Fishlegs is listening avidly, but Ruffnut and Toffnut are already shoving each other, with Belch and Barf eagerly participating (Hiccup used to be pretty sure the twins would never acknowledge another living being long enough to accept them into their locked-in world, but apparently a ton of two-headed, acid-spitting dragon is too much of a reality to ignore, even for them. The fights are four-sided now, the participants inseparable. Twins look happier than they ever did before, and it's yet another thing that has changed for the better, something missing finding its place). Snotlout's eyes are glazing over, and Hiccup swallows the rest of technical explanation, because some things stay the same, life-changing events notwithstanding.
"Point is, the ships will carry our dragons, and we're going to be the ones scouting ahead for skippers to follow, so I want you to spend the winter getting ready to fly long distances, and learn to fish from your dragon's back. We need to be ready by spring, because that's when we're going to start.”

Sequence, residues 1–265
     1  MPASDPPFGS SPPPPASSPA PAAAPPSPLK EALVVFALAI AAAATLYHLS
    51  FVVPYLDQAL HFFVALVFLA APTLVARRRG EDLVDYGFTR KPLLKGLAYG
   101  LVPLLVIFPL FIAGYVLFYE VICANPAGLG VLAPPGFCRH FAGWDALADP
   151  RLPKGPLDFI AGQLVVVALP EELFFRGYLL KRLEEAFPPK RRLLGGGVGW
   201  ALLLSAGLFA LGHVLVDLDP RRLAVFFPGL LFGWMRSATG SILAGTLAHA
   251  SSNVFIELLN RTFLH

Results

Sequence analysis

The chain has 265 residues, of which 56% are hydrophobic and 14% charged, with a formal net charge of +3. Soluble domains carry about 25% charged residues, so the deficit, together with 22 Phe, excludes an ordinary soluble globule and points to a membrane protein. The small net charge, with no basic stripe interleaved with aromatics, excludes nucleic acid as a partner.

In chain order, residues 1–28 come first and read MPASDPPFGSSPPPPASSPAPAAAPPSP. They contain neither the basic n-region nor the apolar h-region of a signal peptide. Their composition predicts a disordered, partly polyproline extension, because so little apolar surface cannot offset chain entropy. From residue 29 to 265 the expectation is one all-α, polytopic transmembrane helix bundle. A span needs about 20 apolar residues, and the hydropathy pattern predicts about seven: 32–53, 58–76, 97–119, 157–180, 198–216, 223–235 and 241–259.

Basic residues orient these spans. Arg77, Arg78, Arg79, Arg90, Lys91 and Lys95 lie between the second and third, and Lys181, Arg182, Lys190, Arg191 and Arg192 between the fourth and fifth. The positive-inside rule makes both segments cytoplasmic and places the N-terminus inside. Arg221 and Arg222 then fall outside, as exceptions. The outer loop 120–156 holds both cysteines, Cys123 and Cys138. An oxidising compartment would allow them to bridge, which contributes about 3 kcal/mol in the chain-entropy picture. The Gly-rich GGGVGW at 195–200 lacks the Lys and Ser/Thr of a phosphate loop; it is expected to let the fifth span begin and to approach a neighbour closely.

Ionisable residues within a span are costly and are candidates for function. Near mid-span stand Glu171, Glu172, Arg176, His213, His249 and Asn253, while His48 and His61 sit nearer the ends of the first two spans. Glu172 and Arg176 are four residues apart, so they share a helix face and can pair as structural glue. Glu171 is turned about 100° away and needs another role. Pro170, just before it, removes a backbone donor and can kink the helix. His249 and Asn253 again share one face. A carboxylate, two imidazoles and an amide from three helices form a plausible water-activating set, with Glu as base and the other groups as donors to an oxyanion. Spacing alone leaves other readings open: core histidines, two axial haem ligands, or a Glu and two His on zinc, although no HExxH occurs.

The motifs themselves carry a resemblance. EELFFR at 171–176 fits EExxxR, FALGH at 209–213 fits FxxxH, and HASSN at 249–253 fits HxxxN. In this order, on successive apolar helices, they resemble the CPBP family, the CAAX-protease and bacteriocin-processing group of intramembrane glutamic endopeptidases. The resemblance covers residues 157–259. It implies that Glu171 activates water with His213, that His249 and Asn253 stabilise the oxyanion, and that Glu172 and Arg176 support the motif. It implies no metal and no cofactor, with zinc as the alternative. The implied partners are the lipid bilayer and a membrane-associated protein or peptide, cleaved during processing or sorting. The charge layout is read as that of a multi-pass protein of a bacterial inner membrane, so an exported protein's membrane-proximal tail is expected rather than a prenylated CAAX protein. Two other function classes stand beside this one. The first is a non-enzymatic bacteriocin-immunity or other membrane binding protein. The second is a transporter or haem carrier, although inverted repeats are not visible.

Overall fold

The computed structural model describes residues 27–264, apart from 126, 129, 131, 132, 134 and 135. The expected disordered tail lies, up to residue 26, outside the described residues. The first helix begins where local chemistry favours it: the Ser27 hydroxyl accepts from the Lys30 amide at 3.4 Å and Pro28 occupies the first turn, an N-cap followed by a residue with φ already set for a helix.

Snotlout says, "Yes! We're going to be the best scouts ever! And if I meet a sea serpent I'm going to smack it on the nose, and carry it back to the ship for Hookfang to eat!”
This sets Fishlegs on a long diatribe about the various characteristics of sea serpents and being able to fit one on the ship, and the twins stop the fight to turn on them both and insist that no, Toffnut will find the biggest one - no, Ruffnut - shut up, you - no you! - and Hiccup laughs until his cheeks hurt and thinks, "my people,” and for once the thought is familiar and fond.